Paul Nash (1889-1946) was a British surrealist painter and war artist, as well as a photographer, writer and designer of applied art. Nash was among the most important landscape artists of the first half of the twentieth century, and he played a key role in the development of Modernism in English art. Born in London, Nash grew up in Buckinghamshire where he developed a love of the landscape. He entered the Slade School of Art but was poor at figure drawing and concentrated on landscape painting. Nash found much inspiration in landscapes with elements of ancient history, such as burial mounds, Iron Age hill forts such as Wittenham Clumps and the standing stones at Avebury in Wiltshire.
The artworks he produced during World War I are among the most iconic images of the conflict. After the war Nash continued to focus on landscape painting, originally in a formalized, decorative style but, throughout the 1930s, in an increasingly abstract and surreal manner. In his paintings he often placed everyday objects into a landscape to give them a new identity and symbolism.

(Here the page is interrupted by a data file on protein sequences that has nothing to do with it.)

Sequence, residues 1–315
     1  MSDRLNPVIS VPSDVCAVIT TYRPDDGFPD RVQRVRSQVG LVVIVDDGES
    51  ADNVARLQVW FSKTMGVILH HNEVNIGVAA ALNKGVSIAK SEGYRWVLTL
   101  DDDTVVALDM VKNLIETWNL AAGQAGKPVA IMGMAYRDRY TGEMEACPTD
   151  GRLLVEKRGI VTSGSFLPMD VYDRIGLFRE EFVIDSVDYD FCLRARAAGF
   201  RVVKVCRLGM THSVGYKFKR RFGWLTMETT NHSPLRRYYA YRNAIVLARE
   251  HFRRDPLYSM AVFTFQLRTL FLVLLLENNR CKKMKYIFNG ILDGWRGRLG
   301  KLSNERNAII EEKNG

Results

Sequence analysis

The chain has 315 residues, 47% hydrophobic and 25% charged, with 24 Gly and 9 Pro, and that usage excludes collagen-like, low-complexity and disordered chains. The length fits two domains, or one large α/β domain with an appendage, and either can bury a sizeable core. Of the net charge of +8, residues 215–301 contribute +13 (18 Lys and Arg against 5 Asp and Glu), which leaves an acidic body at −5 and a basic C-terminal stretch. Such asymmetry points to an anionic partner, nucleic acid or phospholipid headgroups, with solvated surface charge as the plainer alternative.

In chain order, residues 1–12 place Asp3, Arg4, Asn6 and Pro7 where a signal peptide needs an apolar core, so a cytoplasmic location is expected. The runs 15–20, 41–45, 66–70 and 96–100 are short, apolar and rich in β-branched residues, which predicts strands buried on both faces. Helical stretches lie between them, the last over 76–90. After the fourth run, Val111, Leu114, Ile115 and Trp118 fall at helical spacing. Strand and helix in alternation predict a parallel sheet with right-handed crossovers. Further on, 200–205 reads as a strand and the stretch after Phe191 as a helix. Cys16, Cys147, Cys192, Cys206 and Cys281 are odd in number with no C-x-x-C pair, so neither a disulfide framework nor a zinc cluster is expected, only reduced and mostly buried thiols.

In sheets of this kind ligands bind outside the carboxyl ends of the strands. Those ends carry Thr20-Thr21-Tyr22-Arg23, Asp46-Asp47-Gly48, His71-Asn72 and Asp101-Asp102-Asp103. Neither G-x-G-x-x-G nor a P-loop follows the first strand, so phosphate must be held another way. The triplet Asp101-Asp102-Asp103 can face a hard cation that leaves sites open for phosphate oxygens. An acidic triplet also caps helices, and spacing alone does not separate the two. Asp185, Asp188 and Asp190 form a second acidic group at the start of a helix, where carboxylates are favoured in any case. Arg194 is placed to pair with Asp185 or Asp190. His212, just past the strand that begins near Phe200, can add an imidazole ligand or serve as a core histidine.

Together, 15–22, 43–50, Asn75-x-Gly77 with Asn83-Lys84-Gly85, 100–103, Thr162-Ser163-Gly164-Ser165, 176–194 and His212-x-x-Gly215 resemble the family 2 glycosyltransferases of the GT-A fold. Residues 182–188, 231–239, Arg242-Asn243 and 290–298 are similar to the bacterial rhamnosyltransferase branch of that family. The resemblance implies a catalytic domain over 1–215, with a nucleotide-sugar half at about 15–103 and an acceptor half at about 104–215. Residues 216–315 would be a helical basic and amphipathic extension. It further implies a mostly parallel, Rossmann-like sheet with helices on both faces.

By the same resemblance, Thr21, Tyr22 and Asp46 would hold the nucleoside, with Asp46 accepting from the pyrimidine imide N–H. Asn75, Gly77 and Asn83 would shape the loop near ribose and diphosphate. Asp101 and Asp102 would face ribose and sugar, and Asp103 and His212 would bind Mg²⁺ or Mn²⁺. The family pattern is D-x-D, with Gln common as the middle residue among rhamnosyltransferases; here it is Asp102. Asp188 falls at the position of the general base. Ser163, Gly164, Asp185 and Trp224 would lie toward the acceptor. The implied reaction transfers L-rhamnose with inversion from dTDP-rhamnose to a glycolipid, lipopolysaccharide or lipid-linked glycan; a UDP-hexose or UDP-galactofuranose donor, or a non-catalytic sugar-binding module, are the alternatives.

Thirlmere is a reservoir in the Borough of Allerdale in Cumbria. The Helvellyn ridge lies to the east, and to the west are a number of fells including Armboth Fell and Raven Crag, both of which give views of the lake and of Helvellyn beyond. In the 19th century Manchester Corporation constructed a dam at the northern end, raising the water level, flooding the valley bottom, and creating a reservoir to provide the growing industrial city of Manchester with water supplies via the 96 mile long Thirlmere Aqueduct. The reservoir and the aqueduct still provide water to the Manchester area, but under the Water Act 1973 ownership passed to the North West Water Authority. the above text appears on the back of the card HC-1112: card size 6" x 6" (150mm x 150mm)